Months later, Stepanian, Brent, and Nevers traveled to Nashville for overdubs at the Sound Emporium. Seasoned vets like steel player Paul Niehaus (Calexico, Justin Townes Earle) and keys-man Tony Crow (Lambchop) offered their services. Jordan Caress (Ponychase, Caitlin Rose) recorded backing vocals in a Boston studio, and Dana Colley (Morphine) contributed horn parts from his home studio in Boston as well.
“When it was all over, Mason, Mark and I felt like we had an album that was interconnected,” Stepanian says. “The songs blend and the whole thing is intended to have a dream-like quality. We want it to be consumed as a full album.”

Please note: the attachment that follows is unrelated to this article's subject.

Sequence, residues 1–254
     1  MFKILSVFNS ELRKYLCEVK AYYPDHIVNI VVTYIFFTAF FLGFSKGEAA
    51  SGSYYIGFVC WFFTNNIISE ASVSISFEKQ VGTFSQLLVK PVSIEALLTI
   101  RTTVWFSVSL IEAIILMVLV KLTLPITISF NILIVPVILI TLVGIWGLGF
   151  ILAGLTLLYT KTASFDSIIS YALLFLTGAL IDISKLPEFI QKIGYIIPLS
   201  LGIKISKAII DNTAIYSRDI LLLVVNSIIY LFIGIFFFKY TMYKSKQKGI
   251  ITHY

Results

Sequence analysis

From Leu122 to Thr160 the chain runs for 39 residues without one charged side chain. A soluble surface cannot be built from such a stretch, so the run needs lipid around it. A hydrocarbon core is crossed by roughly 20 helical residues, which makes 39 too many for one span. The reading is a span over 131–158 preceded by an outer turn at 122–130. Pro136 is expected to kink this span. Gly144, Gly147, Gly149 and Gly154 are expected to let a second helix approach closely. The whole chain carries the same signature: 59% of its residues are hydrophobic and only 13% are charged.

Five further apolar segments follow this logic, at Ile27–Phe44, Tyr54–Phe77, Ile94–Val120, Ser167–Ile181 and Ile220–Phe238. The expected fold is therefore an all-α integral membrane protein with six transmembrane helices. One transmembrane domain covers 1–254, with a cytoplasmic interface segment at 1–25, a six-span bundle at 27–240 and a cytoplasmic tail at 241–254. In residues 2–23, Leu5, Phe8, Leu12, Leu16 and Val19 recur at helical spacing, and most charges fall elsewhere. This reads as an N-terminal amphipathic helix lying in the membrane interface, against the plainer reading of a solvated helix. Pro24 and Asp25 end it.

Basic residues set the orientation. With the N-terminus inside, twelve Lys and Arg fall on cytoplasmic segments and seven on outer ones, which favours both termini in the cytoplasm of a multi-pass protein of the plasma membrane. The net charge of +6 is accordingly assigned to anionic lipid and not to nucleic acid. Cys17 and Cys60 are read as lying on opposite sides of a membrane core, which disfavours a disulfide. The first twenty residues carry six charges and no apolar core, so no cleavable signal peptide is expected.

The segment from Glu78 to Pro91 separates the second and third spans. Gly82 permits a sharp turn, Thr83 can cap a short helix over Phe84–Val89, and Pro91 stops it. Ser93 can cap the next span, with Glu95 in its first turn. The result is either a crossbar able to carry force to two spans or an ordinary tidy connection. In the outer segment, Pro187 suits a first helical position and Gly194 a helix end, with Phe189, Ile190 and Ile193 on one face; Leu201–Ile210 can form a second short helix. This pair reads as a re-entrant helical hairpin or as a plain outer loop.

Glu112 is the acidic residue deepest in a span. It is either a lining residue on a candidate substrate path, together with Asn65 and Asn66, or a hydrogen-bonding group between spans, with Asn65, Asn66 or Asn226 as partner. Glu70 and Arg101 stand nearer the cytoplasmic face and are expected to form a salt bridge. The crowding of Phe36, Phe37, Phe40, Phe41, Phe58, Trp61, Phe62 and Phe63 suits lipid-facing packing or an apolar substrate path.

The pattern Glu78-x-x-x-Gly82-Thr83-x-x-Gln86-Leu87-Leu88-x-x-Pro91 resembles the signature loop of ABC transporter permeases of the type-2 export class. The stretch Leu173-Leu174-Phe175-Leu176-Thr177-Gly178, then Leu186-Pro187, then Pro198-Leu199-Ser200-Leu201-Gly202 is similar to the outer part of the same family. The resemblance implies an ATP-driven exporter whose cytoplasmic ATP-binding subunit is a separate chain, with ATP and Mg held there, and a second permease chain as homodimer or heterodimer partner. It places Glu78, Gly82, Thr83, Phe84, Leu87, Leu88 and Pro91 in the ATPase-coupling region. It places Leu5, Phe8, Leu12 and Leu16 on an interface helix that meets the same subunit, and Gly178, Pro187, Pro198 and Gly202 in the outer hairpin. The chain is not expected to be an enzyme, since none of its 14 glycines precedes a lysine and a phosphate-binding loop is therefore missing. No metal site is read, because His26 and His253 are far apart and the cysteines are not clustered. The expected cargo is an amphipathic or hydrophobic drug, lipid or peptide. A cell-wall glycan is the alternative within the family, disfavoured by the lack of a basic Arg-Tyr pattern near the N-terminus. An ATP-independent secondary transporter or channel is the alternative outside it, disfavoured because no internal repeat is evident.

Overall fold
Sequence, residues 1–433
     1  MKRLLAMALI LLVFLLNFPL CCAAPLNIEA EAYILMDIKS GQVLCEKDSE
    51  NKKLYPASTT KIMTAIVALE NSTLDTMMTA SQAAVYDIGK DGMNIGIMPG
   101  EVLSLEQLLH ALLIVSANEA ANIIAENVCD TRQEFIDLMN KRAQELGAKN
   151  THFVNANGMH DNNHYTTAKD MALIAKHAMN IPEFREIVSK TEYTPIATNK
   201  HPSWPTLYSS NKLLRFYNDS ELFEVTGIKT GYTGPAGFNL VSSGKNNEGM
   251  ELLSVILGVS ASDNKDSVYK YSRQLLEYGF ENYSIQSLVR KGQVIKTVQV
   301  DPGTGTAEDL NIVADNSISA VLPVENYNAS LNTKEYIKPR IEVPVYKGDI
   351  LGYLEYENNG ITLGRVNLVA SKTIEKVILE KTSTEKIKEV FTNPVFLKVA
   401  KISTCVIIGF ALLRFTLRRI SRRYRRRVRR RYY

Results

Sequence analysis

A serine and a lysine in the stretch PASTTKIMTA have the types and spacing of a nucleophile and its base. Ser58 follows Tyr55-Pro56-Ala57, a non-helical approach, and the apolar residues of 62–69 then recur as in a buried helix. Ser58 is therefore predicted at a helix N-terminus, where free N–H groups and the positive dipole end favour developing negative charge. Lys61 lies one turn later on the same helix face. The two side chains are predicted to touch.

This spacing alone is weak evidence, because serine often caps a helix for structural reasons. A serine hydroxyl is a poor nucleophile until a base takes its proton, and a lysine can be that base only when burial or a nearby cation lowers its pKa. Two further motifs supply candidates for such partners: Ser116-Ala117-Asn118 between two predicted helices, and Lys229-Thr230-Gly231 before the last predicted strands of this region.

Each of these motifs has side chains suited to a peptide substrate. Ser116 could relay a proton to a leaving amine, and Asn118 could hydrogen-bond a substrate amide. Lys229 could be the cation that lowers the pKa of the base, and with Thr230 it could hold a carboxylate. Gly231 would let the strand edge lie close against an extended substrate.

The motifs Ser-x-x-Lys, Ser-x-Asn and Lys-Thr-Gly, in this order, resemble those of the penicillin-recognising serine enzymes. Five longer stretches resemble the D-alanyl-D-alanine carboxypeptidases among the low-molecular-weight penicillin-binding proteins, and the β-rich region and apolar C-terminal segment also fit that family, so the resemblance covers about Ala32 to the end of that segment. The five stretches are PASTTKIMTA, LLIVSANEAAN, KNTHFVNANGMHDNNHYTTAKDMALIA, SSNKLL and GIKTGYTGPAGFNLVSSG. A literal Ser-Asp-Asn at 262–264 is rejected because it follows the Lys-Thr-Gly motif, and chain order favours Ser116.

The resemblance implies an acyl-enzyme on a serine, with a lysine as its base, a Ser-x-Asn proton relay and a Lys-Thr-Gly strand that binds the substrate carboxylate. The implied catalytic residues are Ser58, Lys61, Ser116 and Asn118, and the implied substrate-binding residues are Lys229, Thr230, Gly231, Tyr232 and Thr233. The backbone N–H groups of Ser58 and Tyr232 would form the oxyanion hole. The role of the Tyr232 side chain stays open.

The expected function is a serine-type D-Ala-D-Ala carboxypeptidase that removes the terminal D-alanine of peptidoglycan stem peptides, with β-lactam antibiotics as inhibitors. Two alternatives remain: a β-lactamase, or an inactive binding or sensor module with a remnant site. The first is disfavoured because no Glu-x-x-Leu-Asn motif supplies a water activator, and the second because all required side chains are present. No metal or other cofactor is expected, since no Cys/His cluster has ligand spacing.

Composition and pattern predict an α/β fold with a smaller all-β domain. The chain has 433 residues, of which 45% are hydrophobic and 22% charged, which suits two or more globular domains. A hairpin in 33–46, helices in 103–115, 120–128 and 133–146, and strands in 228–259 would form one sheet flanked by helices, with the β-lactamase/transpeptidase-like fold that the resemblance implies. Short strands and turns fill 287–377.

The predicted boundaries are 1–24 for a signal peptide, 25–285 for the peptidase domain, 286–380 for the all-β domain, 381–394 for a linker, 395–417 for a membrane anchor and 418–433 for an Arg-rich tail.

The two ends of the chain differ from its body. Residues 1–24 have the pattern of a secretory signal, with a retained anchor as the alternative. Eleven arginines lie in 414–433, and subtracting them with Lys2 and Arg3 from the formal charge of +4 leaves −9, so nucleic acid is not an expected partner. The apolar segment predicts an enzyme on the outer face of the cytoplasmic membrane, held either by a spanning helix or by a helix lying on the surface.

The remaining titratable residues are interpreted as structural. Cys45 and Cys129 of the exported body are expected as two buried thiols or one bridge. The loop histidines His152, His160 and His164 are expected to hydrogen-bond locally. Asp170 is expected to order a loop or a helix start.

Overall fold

Featuring eight tracks, the album clocks in at just under 43 minutes, with opening-track “Fly Migrator,” with it’s Dead-like guitar preamble, stretching over nine minutes and establishing the sonic ground for what’s to follow. Next up is “Faint Repeater,” a slow-burner anchored by Pence’s martial snare and haunted by Caress’s backing vocals. “The Whisper Is Ours,” an eerie Gothic chorale, was inspired by a macabre incident in Houston (Stepanian’s current residence) where a couple hired a hit-man to murder each of their former spouses, except the hit-man turned out to be an undercover cop. The song was remixed by Jamaican reggae and dub legend Lee “Scratch” Perry, who also contributes vocals. “Divining Rods” and “Rumors Of Water” were conceived as companion pieces, with the former being inspired by all the jazz Stepanian had been listening to of late. The latter takes off like a rocket from its gentler sister before flowering into Steely Dan territory. “Skeletal Pines,” with its barroom piano and Sunshine Daydream feel, recalls Elton John during his trippier Goodbye Yellow Brick Road days. “Tigris,” a more discordant number, throws gravel in the eye of its marmalade sky predecessor. It’s a comedown moment that wipes the slate clean for the closing title track, “Antlers In Velvet,” a song about the passage of time and the cycle of death and rebirth. “Tell me, crow, where does the old growth go?/ Flying by and acting like you don’t know,” sings Stepanian, who counts the song as one of the best and most personal he’s written. It’s a cryptic ending to a challenging album.